Congenital nasolacrimal duct obstruction.

Opinions have diverged for more than 2 centuries as to the appropriate treatment regarding the nature, timing and anesthesia for congenital nasolacrimal duct obstruction.

 

Roughly speaking, three attitudes coexist :

 

 

 

(1) Approximately 90% of children with congenital nasolacrimal duct obstruction recover spontaneously by 1 year of age, which many surgeons believe justifies waiting at least until this time before intervening surgically.

 

(2) Other authors believe, however, that, on the contrary, congenital nasolacrimal duct stenoses will worsen over time due to chronic inflammation. These authors advise that treatment be chosen based on the child’s age at consultation and recommend early office probing up to approximately 6 months of age. After 1 year of age, however, probing under a general anesthetic in the operating room is recommended as a first step, followed by nasolacrimal stenting, or balloon dacryoplasty if this is unsuccessful, and then a DCR if the previous steps fail.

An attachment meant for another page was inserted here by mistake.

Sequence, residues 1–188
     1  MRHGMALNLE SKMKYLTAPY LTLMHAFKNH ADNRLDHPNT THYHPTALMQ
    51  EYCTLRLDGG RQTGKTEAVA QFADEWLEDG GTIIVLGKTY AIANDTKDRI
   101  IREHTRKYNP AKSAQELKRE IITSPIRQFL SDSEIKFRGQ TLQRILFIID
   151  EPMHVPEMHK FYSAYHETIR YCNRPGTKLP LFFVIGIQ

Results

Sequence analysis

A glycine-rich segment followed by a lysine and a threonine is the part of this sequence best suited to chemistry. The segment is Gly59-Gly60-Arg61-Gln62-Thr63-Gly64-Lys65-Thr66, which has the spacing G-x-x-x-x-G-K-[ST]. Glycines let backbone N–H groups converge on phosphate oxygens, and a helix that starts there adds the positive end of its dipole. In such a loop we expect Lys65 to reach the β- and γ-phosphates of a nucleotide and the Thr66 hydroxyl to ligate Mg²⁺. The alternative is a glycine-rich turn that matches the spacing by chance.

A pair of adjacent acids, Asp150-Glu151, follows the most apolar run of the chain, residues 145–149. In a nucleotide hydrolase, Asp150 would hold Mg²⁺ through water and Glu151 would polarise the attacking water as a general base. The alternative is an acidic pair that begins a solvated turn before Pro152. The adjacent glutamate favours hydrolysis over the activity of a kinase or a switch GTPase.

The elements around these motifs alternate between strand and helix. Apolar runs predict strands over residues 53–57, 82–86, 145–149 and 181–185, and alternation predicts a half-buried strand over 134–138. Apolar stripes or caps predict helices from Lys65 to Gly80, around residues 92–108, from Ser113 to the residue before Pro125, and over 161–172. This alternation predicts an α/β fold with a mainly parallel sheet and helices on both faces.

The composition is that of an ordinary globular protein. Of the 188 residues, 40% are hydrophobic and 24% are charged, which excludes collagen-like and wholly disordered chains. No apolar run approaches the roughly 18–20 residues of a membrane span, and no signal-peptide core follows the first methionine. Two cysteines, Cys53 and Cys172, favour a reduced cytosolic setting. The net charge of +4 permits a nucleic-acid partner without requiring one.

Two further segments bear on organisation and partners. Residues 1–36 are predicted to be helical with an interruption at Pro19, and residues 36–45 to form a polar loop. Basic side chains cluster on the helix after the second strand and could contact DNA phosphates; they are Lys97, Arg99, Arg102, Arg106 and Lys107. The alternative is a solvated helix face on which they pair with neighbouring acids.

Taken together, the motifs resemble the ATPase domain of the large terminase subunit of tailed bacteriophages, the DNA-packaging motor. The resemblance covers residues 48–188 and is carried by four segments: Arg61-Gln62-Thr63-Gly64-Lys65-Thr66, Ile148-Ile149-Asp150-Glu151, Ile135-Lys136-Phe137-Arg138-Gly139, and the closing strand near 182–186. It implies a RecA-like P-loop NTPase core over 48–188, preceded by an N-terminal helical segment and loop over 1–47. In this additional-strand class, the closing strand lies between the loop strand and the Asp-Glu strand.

(3) Still other authors claim that it is not the child’s age that is important but the severity of the nasolacrimal obstruction noted at the time of probing.

They make a distinction between complex obstructions requiring balloon dacryoplasty and/or silicone intubation versus  simple valve of Hasner mucosal obstructions at the distal end of the nasolacrimal duct. These authors claim that such distal mucosal obstructions will respond  even after an initial simple probing at age 4 or 5 years. They recommend careful probing in the operating room,  under general anesthesia  for probing up to 36 or even 48 months.

 

 

A new type

of stenting technique :

the Masterka,

offers an exciting alternative

which can be done

with

masked ventilation alone.

 

 

 

 

 

 



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